Britain's Matthew Arnold (1822 – 1888) was the first person to be called a 'culturist.' As codified in his masterpiece, Culture and Anarchy, the label referred to his wanting to avoid anarchy – and cultivate Britain and its morals – via honoring western culture.
In Arnold's time the word 'culturism' had not yet been invented. Culturism is the opposite of multiculturalism: it defies multiculturalism by affirming that the West has a core culture to guide, protect, and promote; this would have been a truism in Arnold's time; he was a culturist with no need to fight multiculturalists.
Arnold was a Christian atheist of sorts. He noted that science was making literal belief in miracles difficult, but recognized that Christianity was western civilization's bedrock. So he taught the Bible as literature; he fought to unify Christians under the Church of England and to have the Bible taught in public schools.
Even though Arnold's mission concerned the domestic perfection of Britain, he discussed Islam once: in the piece, "A Persian Passion Play." For us modern culturists, who must fight multiculturalists – and thus consider Islam – this historical document has relevance.
Arnold's 1871 essay reviews the play that tells the story of Hussein, the grandson of Muhammad, who helped found the Shia sect with his martyrdom. This play is performed during the holiday Ashura, wherein Muslims beat themselves.
As you would expect from the premier literary critic of his age, Arnold reviews the casting, sets, acting and versions of the play. After the dazzlingly crafted review, Arnold moves on to comparing Islam and Christianity.
The Koran's "inferiority," Arnold divines, "may make the Koran, for certain purposes and for people at a low stage of mental growth, a more powerful instrument than the Bible;" it has an "intensely dogmatic character."
As is the Koran, the Old Testament was also harsh in its righteousness, but "Christianity renewed it, carrying into those hard waters ... a sort of warm gulf-stream of tender emotion," modeled by Jesus's "mildness and sweet reasonableness."
"Mohomatenism," we read, "had no such renewing." With only harsh righteousness, the more it developed, "the more the faults of its original narrow basis because visible, more and more it became fierce and militant."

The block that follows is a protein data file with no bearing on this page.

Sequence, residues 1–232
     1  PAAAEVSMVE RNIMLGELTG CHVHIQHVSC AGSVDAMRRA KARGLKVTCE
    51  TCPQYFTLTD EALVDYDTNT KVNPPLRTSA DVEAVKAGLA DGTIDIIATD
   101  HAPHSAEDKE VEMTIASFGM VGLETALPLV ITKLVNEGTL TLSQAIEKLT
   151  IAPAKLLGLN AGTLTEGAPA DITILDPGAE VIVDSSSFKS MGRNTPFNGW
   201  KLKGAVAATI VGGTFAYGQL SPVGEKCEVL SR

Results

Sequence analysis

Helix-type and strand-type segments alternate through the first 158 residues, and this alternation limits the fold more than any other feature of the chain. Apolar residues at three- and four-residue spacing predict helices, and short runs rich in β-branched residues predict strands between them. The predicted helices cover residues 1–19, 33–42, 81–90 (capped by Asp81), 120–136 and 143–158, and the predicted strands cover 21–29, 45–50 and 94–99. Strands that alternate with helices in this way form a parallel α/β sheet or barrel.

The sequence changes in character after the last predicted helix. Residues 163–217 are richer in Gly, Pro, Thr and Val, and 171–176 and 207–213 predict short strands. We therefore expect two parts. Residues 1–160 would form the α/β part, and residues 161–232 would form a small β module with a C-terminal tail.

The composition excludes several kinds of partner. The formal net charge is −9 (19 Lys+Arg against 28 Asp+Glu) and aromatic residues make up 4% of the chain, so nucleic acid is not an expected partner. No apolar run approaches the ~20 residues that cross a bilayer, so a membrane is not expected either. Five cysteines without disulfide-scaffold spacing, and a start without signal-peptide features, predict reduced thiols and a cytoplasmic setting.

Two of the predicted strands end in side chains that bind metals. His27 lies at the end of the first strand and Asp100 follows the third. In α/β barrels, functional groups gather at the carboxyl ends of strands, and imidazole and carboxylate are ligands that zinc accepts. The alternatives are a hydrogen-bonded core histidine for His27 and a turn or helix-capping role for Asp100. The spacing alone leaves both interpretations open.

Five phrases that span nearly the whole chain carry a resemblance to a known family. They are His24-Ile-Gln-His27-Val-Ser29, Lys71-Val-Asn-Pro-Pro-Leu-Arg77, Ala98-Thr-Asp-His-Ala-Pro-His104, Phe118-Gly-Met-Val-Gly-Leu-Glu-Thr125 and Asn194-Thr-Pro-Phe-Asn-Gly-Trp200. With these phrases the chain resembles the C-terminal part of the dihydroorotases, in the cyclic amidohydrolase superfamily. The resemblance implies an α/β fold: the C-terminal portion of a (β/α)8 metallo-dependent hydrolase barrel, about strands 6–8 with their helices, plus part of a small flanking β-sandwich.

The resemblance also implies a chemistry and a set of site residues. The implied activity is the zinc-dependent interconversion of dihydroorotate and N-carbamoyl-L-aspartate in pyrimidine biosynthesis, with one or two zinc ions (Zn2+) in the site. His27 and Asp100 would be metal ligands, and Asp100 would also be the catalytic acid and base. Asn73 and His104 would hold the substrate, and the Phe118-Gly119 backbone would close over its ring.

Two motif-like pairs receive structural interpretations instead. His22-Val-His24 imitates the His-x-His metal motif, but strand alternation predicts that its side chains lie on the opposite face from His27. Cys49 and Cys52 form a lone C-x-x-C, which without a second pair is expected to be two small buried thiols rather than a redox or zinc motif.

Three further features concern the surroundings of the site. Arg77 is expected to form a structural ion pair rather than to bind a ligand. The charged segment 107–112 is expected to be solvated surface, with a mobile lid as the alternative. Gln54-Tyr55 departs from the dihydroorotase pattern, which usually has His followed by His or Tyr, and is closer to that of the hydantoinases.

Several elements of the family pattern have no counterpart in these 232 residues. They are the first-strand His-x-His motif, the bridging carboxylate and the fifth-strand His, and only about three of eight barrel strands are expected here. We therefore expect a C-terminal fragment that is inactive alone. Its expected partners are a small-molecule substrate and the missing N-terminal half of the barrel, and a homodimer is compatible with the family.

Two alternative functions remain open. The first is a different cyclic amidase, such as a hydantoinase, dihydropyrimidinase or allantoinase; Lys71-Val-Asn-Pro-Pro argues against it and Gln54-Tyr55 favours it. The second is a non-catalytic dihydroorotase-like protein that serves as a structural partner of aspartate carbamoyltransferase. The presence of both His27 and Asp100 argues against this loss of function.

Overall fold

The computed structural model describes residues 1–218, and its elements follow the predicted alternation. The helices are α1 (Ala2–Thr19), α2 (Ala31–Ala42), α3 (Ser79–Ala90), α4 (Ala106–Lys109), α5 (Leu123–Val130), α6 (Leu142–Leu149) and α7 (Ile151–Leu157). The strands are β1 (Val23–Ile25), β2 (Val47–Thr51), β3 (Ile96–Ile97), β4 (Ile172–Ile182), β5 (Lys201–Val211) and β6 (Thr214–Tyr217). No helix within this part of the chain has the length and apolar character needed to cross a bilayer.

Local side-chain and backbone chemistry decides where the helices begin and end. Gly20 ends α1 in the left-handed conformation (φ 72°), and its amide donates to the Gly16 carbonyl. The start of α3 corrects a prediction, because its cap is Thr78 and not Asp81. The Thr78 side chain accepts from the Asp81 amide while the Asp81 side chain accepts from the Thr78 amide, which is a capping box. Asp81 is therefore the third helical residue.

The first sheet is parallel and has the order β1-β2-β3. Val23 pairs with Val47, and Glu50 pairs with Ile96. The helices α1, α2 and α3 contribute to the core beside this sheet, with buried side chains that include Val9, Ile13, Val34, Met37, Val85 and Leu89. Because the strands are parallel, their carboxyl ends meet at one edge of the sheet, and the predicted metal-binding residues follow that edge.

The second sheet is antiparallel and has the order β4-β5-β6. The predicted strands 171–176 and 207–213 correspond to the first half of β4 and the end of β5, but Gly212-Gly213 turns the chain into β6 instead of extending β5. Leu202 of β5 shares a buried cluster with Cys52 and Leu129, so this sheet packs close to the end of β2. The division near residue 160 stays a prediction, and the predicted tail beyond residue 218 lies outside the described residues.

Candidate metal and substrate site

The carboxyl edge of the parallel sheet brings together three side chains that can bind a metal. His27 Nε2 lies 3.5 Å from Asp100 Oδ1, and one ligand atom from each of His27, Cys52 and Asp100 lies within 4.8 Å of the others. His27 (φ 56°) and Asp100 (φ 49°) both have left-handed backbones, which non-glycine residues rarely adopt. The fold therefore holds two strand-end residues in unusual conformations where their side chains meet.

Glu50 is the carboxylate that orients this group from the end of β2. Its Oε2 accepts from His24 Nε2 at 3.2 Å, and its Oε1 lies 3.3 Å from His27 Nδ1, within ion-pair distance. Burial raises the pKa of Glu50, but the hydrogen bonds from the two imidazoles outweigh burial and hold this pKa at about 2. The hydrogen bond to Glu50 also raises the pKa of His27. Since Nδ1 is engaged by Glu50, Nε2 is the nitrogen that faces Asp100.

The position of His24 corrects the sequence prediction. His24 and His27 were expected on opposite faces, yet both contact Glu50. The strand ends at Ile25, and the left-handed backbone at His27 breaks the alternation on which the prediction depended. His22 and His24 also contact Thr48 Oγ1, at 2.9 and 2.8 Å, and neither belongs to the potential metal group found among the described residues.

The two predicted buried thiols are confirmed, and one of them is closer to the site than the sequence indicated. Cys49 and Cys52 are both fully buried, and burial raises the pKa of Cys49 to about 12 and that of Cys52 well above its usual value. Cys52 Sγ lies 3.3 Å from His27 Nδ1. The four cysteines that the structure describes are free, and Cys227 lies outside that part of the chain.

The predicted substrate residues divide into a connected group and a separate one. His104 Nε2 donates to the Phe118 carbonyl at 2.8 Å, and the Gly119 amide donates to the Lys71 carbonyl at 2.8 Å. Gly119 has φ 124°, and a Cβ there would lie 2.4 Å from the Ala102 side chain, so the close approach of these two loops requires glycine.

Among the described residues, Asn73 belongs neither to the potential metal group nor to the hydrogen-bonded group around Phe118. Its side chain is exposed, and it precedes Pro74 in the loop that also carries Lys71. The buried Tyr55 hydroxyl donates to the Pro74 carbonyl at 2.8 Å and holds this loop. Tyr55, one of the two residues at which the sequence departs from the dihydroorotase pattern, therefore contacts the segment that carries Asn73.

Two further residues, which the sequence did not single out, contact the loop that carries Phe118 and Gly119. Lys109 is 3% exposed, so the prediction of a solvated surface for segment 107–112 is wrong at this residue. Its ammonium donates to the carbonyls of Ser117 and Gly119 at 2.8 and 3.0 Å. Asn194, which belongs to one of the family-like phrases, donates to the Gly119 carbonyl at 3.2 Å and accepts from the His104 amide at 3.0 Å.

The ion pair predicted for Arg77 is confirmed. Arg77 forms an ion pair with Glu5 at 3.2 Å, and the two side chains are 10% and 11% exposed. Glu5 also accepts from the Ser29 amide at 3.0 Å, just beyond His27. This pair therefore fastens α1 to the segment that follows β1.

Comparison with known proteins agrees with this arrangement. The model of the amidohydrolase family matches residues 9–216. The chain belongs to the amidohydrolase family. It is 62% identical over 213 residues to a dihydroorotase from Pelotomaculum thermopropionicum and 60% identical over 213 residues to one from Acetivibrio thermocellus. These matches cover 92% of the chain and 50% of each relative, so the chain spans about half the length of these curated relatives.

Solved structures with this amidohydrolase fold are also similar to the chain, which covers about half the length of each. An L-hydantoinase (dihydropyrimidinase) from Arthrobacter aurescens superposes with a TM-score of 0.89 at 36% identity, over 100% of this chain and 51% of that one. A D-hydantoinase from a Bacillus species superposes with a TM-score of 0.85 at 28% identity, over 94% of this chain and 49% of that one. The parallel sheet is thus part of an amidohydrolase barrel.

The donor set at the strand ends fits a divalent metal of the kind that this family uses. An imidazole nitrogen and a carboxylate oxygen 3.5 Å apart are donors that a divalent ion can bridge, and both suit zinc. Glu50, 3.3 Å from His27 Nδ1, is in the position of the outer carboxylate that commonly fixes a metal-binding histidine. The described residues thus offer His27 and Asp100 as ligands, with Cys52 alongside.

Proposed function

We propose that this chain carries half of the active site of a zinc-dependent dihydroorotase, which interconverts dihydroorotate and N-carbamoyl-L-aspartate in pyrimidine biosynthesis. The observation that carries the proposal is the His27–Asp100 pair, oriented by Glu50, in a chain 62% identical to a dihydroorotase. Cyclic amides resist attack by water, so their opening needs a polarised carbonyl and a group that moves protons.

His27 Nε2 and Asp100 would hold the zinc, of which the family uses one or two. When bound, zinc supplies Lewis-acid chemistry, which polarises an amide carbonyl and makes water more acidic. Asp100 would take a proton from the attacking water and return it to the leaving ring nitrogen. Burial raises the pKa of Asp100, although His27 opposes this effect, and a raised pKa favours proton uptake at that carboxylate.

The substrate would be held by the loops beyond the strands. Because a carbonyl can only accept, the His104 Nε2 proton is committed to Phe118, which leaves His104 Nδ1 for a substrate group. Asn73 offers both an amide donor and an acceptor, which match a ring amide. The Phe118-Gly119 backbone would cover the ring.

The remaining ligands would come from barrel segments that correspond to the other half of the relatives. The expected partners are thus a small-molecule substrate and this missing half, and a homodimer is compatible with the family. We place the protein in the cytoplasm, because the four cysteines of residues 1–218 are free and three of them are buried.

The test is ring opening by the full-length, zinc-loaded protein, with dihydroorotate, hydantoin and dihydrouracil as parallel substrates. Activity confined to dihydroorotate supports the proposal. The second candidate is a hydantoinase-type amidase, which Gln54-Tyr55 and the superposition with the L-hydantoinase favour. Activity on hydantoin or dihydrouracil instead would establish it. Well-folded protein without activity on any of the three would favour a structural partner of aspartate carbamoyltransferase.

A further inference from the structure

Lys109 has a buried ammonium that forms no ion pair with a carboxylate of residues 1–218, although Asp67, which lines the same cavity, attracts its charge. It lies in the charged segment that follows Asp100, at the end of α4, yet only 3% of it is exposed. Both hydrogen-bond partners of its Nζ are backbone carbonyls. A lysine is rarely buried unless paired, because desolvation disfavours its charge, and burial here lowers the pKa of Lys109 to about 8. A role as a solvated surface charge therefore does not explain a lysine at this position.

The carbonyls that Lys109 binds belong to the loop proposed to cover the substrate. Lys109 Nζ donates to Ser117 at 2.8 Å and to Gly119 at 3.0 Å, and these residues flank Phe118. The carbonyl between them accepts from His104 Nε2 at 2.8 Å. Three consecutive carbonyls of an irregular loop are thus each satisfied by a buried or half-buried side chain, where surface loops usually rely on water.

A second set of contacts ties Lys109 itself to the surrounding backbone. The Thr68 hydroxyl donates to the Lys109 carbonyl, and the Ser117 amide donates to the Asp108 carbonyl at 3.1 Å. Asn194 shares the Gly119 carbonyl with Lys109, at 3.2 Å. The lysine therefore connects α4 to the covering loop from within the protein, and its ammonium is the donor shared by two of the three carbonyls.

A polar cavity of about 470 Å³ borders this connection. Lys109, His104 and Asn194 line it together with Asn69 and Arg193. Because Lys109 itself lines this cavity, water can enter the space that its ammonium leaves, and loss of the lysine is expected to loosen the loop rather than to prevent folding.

Arnold thinks the story of Hussein – the Passion Play – is an attempt to instill some lighter qualities into the harsh religion. After all, the "main confirmation of a religion [is] in its intrinsic correspondence with urgent wants of human nature." But, even with Hussein's story, Islam does not fulfill human needs and so, "the more mankind grows and gains light, the more [Islam] will be felt to have no fellows."
Blissfully ignorant, Arnold believes, since Europe is solidly Christian, the play will likely be the last time western audiences hear the names "Hussein" and "Ali." And so, coupled with his belief that people will leave the narrow religion for Christianity, he doesn't write about Islam again.
Unfortunately, our 'growth' and 'gains' have not led Muslims to largely convert to Christianity. Unfortunately, the names Hussein and Ali are not foreign to us (and Muhammad is the number one baby name in Britain).
Were Arnold to come back to life, he would, undoubtedly continue his 'culturist' mission of using our cultural heritage to cultivate British beauty, unity, and morals. But he would realize that Islam is currently more of a threat than the anarchy he feared. As such, this founding culturist would denounce Islam more than he did – repudiating multiculturalism in favor of culturism.